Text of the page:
In a written opinion, the PCR judge thoroughly explained what he found had occurred when Walshe completed the plea form on July 26, 2000. Question 17 on the plea form posed the following question: "Do you understand that if you are not a United States citizen or national, you may be deported by virtue of your plea of guilty?" The PCR judge found Walshe responded that the question was inapplicable, even though plaintiff was not a United States citizen. Rather than indicate that the question bore no relevance to plaintiff's guilty plea, the judge determined that the question should have triggered a discussion between plaintiff and Walshe regarding the potential for deportation. The judge's findings illuminate what occurred:

Mr. Walshe testified that he was unaware of [plaintiff's] immigration status when he completed plea forms for [plaintiff] on July 26, 2000, a Wednesday. In accordance with Mr. Walshe's usual procedure on busy Wednesday plea days, where conversations with a client take place quickly, under the pressure to see other waiting clients and in a noisy holding area, Mr. Walshe believes that on [plaintiff's] behalf Mr. Walshe himself circle "N/A" as the answer to Question 17 on the standard Plea Form without discussing it with [plaintiff] . . . .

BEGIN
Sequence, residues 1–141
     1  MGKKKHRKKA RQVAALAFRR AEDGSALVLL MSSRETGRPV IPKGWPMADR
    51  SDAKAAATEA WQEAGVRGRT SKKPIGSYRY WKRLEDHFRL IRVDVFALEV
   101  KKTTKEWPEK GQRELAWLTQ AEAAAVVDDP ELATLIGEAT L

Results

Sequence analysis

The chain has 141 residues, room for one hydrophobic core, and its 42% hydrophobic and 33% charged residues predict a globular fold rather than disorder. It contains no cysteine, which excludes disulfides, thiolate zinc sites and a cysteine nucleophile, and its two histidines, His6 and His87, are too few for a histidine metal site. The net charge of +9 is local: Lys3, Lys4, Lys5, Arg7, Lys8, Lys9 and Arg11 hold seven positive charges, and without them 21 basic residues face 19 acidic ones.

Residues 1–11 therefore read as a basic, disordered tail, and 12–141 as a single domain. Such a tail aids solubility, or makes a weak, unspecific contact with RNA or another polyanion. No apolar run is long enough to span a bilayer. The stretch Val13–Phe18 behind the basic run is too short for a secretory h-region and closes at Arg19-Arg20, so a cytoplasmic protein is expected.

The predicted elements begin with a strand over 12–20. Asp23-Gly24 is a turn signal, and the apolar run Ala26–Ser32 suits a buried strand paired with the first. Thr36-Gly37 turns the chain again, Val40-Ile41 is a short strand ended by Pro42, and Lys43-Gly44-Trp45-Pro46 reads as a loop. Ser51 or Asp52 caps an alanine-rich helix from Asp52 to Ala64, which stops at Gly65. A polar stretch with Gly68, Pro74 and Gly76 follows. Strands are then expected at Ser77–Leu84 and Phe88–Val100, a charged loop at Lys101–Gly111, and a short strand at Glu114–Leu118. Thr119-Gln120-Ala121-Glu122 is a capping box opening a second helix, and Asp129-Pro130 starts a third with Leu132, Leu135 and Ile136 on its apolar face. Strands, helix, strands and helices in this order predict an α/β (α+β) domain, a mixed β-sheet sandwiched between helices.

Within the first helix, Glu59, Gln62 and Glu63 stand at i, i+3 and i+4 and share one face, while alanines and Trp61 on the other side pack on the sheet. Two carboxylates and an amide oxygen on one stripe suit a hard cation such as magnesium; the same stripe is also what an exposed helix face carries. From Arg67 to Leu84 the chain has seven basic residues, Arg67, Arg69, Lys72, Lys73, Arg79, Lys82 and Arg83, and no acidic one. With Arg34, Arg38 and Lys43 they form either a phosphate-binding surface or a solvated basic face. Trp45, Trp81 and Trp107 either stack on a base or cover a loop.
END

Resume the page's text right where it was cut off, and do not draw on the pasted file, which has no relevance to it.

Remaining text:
Mr. Walshe testified that he would have done this based upon the assumption that [plaintiff] was a U.S. citizen, but without specific confirmation of this fact. Mr. Walshe's usual procedure on busy Wednesdays was to discuss a proposed sentence with his client, and if the client accepted a plea, indicate that questions 16 to 19 on the plea form did not apply to the client. He would therefore circle "N/A" in response to those questions, typically without ever discussing them with his clients. He would follow this procedure unless an accent or other specific information raised the citizenship issue.

Mr. Walshe testified that he was quite certain that he instructed [plaintiff] that questions 16 to 19 on the plea form did not apply to him.

Based on this advice, given during a very busy plea day, [plaintiff] did not independently review Question 17. This meant that Mr. Walshe and not [plaintiff] had made the decision that the question was not relevant.

Based upon these and other findings of fact, the PCR judge concluded that the application of the test established in Strickland v. Washington, 466 U.S. 668, 104 S.Ct. 2052, 80 L.Ed. 2d 674 (1984),*fn1 as applied in matters concluded by a guilty plea, Hill v. Lockhart, 474 U.S. 52, 106 S.Ct. 366, 88 L.Ed. 2d 203 (1985),*fn2 compelled a determination that plaintiff had been deprived of the effective assistance of counsel, and was entitled to have his guilty plea set aside. An order memorializing the PCR judge's decision was entered on December 3, 2003.

In granting relief, the PCR judge observed that plaintiff's native country had refused to accept him as a deportee, which led to plaintiff's "indefinite incarcerat[ion] in the United States for this crime." By the time post-conviction relief was granted, plaintiff had served half of his three-year prison term, even though he had otherwise been eligible for parole nine months into his term. The PCR judge found this to be "an additional penal consequence" resulting from the faulty advice rendered by Walshe.